Burlingame, Anson

(redirected from Burlingame Treaty)
Also found in: Wikipedia.

Burlingame, Anson

Burlingame, Anson (bûrˈlĭng-gām), 1820–70, American diplomat, b. New Berlin, N.Y. He became a lawyer in Boston and later (1855–61) a Congressman. Defeated for reelection, he was made (1861) minister to China. By his tact and understanding of Chinese opposition to the autocratic methods of foreigners in the treaty ports, he won a place as adviser to the Chinese government. In 1867, China sent him as head of a mission to visit foreign lands in order to secure information and sign treaties of amity. He visited Washington, London, and capitals on the Continent. One result was a treaty between China and the United States, supplementary to the 1858 treaty. This, usually called the Burlingame Treaty, was signed in 1868. It was a treaty of friendship based on Western principles of international law. One clause encouraged Chinese immigration—laborers were then much in demand in the West; later the heavy influx of Chinese under its provisions caused friction on the West Coast and led to the exclusion of Chinese immigrants (see Chinese exclusion).

Bibliography

See biography by F. W. Williams (1912, repr. 1972).

The Columbia Electronic Encyclopedia™ Copyright © 2022, Columbia University Press. Licensed from Columbia University Press. All rights reserved.

Burlingame, Anson

(1820–70) U.S. representative, diplomat; born in New Berlin, N.Y. He was a member of the U.S. House of Representatives (Free-Soil, Mass.; 1855–59, Repub., Mass.; 1859–61). He was ambassador to China (1861–67) where he deeply impressed the Chinese with his integrity and helpfulness. In 1867, China appointed him the head of their first diplomatic mission to Europe. He died in St. Petersburg, Russia.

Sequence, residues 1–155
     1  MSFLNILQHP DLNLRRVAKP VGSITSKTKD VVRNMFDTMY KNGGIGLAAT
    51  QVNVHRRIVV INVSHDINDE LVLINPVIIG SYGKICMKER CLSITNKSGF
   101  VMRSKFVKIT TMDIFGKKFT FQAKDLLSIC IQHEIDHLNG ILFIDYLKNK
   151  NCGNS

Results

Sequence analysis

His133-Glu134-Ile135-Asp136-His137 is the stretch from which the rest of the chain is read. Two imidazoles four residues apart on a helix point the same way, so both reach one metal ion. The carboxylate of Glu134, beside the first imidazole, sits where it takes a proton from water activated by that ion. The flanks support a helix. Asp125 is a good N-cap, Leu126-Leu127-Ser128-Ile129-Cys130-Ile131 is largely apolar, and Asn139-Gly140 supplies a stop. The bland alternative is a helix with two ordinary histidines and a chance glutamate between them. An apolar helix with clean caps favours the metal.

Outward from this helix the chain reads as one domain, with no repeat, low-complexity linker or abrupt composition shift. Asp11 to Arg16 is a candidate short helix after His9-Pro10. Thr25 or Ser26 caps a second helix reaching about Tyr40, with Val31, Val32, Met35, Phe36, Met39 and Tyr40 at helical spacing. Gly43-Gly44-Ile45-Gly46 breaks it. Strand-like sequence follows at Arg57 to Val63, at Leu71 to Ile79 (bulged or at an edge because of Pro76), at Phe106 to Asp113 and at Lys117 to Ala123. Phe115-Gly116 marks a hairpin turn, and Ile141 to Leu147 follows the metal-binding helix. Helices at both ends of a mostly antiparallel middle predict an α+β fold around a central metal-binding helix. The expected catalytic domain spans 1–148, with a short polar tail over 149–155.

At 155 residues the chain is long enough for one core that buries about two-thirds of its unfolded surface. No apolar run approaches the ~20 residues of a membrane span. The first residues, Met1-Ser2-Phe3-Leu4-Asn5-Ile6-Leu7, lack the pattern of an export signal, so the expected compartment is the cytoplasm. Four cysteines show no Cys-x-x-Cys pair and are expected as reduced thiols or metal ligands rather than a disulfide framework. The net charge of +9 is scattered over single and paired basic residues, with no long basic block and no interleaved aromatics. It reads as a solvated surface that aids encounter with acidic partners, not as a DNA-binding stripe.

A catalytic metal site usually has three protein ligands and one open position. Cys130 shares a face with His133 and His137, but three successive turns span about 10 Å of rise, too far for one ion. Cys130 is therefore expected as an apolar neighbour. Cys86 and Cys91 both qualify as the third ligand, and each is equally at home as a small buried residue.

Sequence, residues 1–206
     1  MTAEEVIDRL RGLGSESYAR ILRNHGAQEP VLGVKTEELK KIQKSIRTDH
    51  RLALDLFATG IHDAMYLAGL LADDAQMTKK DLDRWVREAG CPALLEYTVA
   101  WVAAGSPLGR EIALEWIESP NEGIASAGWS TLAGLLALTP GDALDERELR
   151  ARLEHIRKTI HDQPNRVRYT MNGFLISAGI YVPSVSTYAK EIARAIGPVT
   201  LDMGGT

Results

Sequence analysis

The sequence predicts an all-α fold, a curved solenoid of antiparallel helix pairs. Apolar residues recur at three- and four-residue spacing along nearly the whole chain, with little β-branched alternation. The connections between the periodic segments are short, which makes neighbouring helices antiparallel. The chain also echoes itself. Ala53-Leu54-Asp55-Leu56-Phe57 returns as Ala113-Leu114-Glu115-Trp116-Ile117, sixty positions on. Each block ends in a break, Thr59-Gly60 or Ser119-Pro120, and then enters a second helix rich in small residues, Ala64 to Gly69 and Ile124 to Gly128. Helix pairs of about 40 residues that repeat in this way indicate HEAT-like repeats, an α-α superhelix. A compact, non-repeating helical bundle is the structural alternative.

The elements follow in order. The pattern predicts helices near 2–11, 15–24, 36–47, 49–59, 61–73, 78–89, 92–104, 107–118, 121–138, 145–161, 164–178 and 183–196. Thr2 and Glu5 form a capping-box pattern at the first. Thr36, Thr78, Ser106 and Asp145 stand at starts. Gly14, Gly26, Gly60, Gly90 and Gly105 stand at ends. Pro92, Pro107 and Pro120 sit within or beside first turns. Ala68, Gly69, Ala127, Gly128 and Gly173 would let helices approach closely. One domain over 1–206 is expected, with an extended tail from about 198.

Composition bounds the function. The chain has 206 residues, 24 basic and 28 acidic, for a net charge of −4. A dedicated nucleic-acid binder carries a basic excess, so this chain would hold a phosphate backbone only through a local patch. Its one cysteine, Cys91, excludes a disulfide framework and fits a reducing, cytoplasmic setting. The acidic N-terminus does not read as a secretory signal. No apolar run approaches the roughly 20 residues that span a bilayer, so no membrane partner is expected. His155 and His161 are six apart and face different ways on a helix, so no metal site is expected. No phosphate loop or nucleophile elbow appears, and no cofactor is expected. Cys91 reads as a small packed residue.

The Cambridge Dictionary of American Biography, by John S. Bowman. Copyright © Cambridge University Press 1995. Reproduced with permission.
Mentioned in ?
References in periodicals archive ?
These principles were poignantly embedded in the Burlingame Treaty of 1868.
While they both agreed with the principal features of the policy which the United States and western powers pursued toward the Qing Empire, Burlingame displayed extraordinary skills in drafting eight additional articles, which supplemented the 1858 Treaty of Tientsin to form the Burlingame Treaty, also known as the Seward-Burlingame Treaty.
(1.) Chinese Exclusion was enacted within the context of the federal government having made two major policy changes in 1868, formally declaring "the inherent and inalienable right of man to change his home and allegiance" in the Burlingame Treaty with China, and, as part of post-Civil War Reconstruction work, ratifying the 14th Amendment to the Constitution, to affirm "due process" and "equal protection under the law" for all persons.
In passing the Exclusion Act, Congress rejected the spirit behind the 1868 Burlingame Treaty with China that declared a person had an "inherent and unalienable right to change his home and allegiance." Instead, the act reflected the terms of a new treaty--the Angell Treaty--that the U.S.
Lacking political power, Chinese found that the Burlingame Treaty of 1868, which guaranteed Chinese residents "the same privileges, immunities, and exemptions" extended to natives of other countries, and the Fourteenth Amendment, which prohibited states from denying any person due process or equal protection of the laws, to be potent weapons in the federal courts.
In the middle of the book, Kingston inserts this chapter that recounts Chinese American history from the 1868 Burlingame Treaty that announces the right to citizenship for Chinese immigrants to the 1978 restrictions on the global immigration quota to the US.
ARTCILE V OF THE BURLINGAME TREATY, SIGNED IN WAHSINGTON, D.C., JULY 28, 1868, AND IN PEKING, NOVEMBER 23, 1969.
Hayes vetoed the bill on May 11 on the grounds that it violated the Burlingame Treaty of 1868, which established free immigration between the two countries.